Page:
In 1848 NYC, a Frenchwoman visits exiled former French Marshal Thevenet to ask for his financial help in behalf of his French grandson but Thevenet's house staff schemes to kill him and take his fortune.
A woman's painted portrait and a post card with a sketch of a woman's hand holding a Chianti bottle are the main clues used by the Scotland Yard to solve a string of murders connected to a diamond-smuggling ring.
After taking 20 dollars from his employer to go on a date with plans to repay it the next day, an auto mechanic falls into increasingly disastrous circumstances for more and more money which rapidly spirals out of his control.
Sure, many can criticize this film for what it didn't show, but it's a movie, not a mini-series. So, they had to gloss over the fact that his brother Mack (Joel Fluellen), with a college education and an Olympic medal was a milkman; didn't touch on the Army at all; and left out Satchel Paige.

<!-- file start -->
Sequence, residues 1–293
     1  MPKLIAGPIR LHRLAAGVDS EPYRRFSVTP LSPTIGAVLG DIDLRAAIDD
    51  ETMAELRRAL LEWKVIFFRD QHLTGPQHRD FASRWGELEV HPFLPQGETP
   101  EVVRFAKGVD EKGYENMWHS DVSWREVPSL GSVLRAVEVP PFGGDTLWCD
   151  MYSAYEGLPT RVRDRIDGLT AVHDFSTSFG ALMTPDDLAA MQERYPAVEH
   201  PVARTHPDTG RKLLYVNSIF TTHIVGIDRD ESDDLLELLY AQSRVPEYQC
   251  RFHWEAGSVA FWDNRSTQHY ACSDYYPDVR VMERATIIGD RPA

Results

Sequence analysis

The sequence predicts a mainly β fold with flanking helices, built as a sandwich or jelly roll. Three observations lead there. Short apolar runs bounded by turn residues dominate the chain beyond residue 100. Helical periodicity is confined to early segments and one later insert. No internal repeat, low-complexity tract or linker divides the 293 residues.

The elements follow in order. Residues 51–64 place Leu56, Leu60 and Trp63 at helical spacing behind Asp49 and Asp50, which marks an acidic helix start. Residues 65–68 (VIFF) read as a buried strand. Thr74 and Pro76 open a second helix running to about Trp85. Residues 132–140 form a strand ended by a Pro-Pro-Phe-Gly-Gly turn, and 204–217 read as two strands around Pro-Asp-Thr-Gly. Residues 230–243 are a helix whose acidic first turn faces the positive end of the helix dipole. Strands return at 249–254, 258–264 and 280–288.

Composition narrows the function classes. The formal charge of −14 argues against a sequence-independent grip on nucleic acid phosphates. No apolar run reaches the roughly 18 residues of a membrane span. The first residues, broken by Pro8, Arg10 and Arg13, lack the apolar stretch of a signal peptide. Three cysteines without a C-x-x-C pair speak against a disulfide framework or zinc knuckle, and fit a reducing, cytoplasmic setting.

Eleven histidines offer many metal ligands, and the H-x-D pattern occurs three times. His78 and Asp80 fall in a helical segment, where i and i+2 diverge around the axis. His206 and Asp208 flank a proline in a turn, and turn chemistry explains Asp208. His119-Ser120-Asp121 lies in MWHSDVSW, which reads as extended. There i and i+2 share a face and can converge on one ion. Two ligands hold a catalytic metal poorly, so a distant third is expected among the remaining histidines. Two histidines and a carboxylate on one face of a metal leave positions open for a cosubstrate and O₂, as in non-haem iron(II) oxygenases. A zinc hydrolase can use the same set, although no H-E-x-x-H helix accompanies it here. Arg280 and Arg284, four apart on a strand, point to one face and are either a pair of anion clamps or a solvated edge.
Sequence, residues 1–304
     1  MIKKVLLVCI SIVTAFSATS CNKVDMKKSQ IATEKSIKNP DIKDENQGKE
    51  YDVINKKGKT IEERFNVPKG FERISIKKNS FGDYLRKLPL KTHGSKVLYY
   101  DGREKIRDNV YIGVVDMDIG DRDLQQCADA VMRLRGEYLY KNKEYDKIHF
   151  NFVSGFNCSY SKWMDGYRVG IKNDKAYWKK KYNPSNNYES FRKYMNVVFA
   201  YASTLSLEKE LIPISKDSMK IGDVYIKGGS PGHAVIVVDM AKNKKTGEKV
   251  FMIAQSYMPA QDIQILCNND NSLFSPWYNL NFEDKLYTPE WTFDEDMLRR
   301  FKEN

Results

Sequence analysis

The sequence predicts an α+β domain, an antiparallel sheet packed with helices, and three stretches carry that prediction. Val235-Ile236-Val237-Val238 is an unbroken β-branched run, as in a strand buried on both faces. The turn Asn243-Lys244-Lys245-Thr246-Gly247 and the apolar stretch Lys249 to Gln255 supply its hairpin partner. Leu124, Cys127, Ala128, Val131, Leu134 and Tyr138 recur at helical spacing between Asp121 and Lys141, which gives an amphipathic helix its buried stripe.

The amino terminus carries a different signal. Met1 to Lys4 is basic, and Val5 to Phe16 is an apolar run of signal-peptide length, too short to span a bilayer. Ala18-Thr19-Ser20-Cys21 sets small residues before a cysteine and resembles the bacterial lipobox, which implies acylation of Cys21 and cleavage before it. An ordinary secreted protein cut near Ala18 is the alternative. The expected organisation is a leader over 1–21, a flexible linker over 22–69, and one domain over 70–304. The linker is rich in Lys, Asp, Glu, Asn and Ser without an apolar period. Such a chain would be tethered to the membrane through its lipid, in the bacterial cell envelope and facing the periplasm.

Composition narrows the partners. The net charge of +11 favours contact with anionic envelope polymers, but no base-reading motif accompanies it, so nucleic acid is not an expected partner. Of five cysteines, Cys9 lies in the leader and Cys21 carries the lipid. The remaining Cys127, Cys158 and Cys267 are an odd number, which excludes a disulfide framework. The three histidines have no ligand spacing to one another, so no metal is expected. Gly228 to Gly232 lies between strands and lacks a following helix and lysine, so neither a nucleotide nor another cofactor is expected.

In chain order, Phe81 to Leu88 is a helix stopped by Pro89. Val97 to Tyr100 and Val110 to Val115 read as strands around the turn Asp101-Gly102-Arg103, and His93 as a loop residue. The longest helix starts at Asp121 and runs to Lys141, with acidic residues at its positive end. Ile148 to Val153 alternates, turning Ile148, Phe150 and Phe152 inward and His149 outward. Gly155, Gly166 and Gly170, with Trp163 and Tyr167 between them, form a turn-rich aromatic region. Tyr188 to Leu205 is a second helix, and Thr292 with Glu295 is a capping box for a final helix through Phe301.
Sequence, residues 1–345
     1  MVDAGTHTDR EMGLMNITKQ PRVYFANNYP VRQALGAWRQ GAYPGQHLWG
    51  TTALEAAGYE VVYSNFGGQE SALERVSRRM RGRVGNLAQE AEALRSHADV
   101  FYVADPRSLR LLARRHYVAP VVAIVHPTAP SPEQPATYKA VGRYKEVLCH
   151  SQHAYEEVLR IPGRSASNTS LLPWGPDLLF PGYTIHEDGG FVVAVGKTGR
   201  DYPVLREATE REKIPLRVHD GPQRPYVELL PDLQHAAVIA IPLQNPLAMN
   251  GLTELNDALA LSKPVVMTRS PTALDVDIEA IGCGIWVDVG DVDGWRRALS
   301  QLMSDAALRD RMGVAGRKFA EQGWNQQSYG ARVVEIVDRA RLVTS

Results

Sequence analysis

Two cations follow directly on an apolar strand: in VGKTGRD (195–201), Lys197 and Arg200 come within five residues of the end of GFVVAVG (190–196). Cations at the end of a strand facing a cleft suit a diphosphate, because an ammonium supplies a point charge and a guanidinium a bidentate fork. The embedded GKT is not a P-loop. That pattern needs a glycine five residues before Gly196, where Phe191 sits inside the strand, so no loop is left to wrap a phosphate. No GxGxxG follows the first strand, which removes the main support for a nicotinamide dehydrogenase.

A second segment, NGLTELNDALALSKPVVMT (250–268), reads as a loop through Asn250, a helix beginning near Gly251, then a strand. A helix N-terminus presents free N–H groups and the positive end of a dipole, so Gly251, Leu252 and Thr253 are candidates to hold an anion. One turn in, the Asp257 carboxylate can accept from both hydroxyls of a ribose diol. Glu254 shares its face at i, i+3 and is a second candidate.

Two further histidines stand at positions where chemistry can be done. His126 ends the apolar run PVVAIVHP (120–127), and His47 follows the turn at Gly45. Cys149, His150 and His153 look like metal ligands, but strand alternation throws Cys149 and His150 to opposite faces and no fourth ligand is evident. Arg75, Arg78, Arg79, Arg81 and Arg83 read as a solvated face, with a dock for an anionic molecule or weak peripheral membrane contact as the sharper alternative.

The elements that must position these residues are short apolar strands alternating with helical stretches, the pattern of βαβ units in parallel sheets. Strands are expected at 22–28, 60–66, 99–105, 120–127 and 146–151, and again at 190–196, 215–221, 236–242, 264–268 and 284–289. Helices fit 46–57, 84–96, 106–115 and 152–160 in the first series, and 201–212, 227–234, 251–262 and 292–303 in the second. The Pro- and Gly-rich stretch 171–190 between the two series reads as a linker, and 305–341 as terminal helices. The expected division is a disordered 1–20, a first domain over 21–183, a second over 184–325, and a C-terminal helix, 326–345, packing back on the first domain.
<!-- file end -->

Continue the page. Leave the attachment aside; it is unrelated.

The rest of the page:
What was worth watching was Robinson'e play for UCLA and branch Rickey's (Minor Watson) valiant efforts to get him into major league baseball. It is no secret that I love watching baseball movies From Fever Pitch to The Natural to "A League of their own;" I'll watch baseball movies over baseball games. This was a good one. Robinson did a very good acting job playing himself. Of course, as Ringo Starr said, "All I have to do is smile and act naturally." Well, he did much more that that.
So, head on over to the Internet Archive and check it our: http://www.archive.org/details/Jackie_Robinson_Story_The
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